Link to Pubmed [PMID] – 15372078
EMBO J. 2004 Oct;23(20):4072-81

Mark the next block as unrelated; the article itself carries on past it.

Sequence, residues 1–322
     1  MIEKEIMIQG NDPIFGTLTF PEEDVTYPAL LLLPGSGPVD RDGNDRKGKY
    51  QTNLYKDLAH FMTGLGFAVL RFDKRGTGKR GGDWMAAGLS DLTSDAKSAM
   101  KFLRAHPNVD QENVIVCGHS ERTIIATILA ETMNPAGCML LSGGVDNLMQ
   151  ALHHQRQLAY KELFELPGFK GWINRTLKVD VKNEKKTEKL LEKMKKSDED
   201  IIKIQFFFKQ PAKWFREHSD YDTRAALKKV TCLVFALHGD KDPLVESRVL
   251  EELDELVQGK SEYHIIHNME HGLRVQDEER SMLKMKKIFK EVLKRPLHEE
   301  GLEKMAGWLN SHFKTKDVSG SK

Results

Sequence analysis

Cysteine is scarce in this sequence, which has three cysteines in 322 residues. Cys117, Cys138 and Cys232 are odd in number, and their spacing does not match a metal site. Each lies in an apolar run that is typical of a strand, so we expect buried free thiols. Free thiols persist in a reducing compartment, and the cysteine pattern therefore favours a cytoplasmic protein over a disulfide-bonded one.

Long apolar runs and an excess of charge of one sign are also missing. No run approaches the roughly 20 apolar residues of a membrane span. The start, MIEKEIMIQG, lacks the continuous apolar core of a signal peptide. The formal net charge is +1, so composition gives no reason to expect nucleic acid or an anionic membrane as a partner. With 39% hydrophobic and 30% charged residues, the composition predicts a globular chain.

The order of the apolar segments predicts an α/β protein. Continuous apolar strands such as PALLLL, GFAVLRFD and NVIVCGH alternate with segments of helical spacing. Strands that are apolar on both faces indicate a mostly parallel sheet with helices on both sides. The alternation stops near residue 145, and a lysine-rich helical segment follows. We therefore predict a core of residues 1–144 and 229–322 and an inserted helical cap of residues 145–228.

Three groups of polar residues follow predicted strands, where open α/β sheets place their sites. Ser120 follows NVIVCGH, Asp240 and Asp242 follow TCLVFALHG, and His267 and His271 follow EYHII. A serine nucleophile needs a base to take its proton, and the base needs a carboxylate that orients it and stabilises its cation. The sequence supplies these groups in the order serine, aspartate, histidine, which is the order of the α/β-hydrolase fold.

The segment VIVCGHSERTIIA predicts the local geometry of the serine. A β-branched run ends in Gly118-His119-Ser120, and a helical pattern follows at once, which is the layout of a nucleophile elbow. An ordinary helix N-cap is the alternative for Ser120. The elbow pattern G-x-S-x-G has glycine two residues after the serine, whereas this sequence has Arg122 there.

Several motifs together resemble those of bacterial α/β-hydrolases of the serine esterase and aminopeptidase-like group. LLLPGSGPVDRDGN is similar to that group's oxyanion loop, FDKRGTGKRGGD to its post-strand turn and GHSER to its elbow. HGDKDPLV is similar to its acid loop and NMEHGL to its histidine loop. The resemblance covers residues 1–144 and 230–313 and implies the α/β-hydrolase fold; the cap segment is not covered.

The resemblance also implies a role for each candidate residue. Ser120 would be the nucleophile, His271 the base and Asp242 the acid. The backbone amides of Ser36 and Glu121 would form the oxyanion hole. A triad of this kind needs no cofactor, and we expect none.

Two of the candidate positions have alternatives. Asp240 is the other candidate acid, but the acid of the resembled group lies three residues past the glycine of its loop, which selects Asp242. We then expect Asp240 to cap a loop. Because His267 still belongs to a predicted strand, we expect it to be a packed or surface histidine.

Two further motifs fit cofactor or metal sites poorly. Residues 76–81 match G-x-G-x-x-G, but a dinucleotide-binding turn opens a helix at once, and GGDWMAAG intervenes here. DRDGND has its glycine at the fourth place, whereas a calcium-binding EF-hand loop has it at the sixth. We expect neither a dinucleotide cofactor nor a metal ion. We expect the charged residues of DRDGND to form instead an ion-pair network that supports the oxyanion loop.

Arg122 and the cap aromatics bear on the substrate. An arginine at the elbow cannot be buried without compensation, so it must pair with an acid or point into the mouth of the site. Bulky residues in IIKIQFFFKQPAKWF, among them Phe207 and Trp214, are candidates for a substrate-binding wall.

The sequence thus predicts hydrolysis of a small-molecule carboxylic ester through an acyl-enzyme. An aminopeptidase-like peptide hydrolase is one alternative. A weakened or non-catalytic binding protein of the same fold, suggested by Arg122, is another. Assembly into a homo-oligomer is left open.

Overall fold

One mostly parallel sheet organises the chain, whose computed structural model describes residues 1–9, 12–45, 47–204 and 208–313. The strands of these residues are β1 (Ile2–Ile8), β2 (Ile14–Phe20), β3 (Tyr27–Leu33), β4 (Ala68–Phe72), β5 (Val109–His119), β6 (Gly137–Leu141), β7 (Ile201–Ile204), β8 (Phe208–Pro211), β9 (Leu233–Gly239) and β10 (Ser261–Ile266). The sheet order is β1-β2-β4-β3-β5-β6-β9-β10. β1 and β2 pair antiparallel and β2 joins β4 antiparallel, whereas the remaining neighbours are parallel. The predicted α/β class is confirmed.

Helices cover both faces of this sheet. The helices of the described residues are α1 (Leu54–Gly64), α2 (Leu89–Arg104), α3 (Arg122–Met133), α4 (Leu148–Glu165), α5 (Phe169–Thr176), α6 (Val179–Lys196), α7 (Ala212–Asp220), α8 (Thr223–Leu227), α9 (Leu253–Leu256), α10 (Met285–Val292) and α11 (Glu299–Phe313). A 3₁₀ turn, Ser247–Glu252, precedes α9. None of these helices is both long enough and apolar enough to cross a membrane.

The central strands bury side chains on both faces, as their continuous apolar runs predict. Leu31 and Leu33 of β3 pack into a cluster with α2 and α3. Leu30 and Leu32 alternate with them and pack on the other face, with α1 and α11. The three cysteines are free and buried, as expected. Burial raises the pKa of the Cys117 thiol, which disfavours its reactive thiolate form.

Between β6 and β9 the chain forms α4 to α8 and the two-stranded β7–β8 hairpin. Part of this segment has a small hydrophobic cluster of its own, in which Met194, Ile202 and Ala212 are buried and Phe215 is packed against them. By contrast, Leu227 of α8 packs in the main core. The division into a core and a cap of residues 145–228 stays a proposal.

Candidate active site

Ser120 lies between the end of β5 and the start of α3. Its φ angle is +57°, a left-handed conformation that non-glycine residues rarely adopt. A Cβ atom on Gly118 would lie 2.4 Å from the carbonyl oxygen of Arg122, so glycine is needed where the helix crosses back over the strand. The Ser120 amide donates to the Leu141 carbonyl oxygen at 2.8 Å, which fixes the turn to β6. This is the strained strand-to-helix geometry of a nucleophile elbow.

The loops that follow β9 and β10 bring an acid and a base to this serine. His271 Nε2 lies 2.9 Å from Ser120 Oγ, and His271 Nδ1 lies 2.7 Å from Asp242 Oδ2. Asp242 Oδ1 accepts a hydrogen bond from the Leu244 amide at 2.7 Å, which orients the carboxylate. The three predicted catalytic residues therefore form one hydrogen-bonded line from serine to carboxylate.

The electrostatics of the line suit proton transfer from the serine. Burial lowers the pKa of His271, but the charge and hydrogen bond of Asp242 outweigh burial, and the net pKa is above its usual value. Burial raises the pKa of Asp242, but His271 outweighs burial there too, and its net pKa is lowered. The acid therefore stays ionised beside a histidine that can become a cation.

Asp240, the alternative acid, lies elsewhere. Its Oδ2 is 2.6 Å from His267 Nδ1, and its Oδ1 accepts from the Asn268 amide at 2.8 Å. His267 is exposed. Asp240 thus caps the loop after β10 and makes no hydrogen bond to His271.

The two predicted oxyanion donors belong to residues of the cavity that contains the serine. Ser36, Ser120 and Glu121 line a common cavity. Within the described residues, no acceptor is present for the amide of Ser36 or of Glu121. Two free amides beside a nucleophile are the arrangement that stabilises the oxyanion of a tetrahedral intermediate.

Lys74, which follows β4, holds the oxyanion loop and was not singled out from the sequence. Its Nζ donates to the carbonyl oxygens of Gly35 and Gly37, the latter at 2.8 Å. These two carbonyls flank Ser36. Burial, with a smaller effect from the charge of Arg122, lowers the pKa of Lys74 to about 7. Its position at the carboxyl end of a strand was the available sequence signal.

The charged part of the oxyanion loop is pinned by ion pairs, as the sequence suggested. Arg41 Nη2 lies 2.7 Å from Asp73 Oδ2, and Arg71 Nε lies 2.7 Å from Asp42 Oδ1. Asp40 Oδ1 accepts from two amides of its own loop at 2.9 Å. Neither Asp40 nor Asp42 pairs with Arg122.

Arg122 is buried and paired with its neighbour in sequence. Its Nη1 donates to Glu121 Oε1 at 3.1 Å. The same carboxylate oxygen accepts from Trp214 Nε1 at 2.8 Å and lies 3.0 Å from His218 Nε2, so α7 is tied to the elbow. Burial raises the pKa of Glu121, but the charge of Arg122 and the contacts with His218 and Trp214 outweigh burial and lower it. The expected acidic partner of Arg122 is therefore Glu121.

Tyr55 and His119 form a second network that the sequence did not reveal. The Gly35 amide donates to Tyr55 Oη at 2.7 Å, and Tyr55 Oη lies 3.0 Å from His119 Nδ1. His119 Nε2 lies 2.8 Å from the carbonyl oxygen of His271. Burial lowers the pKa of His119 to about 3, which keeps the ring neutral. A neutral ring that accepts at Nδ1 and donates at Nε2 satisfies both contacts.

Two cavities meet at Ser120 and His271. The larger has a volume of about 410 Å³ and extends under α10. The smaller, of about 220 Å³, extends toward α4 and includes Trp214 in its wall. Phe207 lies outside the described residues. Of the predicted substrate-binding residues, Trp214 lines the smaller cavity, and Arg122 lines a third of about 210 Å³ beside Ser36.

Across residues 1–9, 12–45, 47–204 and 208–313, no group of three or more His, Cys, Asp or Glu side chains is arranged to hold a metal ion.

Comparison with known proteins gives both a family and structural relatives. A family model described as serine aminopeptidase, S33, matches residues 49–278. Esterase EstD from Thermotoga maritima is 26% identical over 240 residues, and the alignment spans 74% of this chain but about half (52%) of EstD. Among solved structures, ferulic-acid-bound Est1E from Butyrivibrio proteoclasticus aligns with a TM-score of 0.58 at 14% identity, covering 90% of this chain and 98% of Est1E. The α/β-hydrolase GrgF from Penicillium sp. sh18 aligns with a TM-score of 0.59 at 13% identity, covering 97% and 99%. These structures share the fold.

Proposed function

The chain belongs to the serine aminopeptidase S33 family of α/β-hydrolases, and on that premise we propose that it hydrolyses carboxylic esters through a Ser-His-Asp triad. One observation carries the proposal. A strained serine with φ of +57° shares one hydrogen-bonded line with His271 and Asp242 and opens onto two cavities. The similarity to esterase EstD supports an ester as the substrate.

Rotavirus, a cause of severe gastroenteritis, contains a segmented double-stranded (ds)RNA genome that replicates using viral mRNAs as templates. The highly conserved 3′-consensus sequence (3’CS), UGUGACC, of the mRNAs promotes dsRNA synthesis and enhances translation. We have found that the 3’CS of the gene (g5) encoding NSP1, an antagonist of interferon signaling, undergoes rapid mutation when rhesus rotavirus (RRV) is serially passaged at high multiplicity of infection (MOI) in cells permitting high titer growth. These mutations increase the promoter activity of the g5 3′-sequence, but decrease its activity as a translation enhancer. The location of the mutations defines the minimal essential promoter for dsRNA synthesis as URN0-5CC. Under passage conditions where cell-to-cell spread of the virus is required to complete infection (low MOI), the 3’CS is retained due to the need for NSP1 to be expressed at levels sufficient to prevent establishment of the antiviral state. These data demonstrate that host cell type and propagation conditions affect the capacity of RRV to produce the virulence gene product NSP1, an important consideration in producing RRV-based vaccines.